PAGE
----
Incredible video shows 4-mile iceberg breaking in Greenland

By Christopher Carbone

Published July 11, 2018

A team of scientists from New York University captured a video of a 4-mile iceberg breaking away from a glacier in eastern Greenland.

The massive new iceberg, which would stretch from lower Manhattan up to Midtown in New York City, can be instructive to scientists and policy makers who are studying the impact of human actions on global sea-level rise.

“Global sea-level rise is both undeniable and consequential,” David Holland, a professor at New York University’s Courtant Institute of Mathematics and NYU Abu Dhabi who led the research team, said in a statement. “By capturing how it unfolds, we can see, first-hand, its breathtaking significance.”


When large chunks break off of glaciers, the process is known as calving. This can give researchers a sense of how the overall global climate is changing.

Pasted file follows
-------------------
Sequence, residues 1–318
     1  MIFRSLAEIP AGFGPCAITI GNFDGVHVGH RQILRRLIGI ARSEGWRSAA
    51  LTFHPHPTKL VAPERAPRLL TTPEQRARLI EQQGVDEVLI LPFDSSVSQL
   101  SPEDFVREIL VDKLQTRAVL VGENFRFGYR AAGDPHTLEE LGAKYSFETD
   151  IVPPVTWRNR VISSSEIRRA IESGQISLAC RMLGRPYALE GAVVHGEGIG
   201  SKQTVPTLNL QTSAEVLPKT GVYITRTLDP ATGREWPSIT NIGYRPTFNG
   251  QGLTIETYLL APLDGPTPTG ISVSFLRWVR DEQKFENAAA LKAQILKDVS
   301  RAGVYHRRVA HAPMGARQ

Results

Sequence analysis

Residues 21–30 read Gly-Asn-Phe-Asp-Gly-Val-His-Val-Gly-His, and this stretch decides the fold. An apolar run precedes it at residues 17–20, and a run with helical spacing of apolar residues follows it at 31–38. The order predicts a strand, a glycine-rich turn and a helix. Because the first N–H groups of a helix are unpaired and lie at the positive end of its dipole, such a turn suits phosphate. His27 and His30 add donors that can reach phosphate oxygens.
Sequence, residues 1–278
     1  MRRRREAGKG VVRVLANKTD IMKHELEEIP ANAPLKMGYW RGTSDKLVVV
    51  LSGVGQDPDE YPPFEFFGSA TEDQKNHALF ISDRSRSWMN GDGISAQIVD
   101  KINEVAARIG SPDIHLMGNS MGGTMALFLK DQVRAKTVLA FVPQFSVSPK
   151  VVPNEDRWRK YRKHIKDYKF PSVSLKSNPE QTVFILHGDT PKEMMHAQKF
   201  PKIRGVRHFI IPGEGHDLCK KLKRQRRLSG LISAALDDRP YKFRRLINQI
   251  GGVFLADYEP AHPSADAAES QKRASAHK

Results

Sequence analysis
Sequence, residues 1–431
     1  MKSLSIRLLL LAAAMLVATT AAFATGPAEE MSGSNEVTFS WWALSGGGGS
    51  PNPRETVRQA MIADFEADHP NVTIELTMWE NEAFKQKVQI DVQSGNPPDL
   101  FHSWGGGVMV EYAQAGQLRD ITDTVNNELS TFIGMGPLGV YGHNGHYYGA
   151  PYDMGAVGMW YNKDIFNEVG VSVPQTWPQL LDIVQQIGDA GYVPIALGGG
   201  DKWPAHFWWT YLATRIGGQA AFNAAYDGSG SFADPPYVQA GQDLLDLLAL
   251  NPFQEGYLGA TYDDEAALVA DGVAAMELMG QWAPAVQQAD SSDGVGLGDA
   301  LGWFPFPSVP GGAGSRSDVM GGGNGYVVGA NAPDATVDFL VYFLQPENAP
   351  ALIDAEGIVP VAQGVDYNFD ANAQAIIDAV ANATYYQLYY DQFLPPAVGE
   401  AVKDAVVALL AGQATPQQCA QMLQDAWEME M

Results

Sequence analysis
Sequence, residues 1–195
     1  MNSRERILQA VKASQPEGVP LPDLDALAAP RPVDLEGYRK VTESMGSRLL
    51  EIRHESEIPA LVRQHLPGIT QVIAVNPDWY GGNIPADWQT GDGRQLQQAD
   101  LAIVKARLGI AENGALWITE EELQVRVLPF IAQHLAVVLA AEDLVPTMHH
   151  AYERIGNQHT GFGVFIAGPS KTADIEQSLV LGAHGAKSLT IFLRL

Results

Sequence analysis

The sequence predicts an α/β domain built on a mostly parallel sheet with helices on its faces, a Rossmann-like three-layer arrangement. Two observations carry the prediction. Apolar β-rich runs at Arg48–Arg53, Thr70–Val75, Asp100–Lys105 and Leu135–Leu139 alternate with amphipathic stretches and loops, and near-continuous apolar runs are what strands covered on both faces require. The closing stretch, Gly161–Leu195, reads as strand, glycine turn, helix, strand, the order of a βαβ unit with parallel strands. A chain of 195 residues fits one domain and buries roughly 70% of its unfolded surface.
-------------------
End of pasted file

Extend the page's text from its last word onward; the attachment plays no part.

glacier manhattan pic/nyu

A chunk of ice that would stretch from lower Manhattan to Midtown, as seen above, broke off from a glacier in Greenland.  (Google Earth/Courtesy of Denise Holland)

“The better we understand what’s going on means we can create more accurate simulations to help predict and plan for climate change,” Denise Holland, logistics coordinator for NYU’s Environmental Fluid Dynamics Laboratory and NYU Abu Dhabi's Center for Global Sea Level Change, said in the statement.

The breaking off took place over the course of 30 minutes and began the night of June 22; the video has condensed the time of the incident to about 90 seconds.

In 2017, scientists estimated that a collapse of the entire West Antarctic Ice Sheet, which is two-and-a-half miles thick and about as large as Texas, would raise global sea levels by 10 feet—inundating coastal cities around the world.

Thus far, according to the NYU scientists, the Thwaites Glacier—part of the West Antarctic Ice Sheet—has already drained a mass of water that’s roughly the size of Florida.

The research team at NYU is examining the forces behind sea-level rise under a grant from the National Science Foundation.

Christopher Carbone is a reporter and news editor covering science and technology for He can be reached at Follow him on Twitter @christocarbone.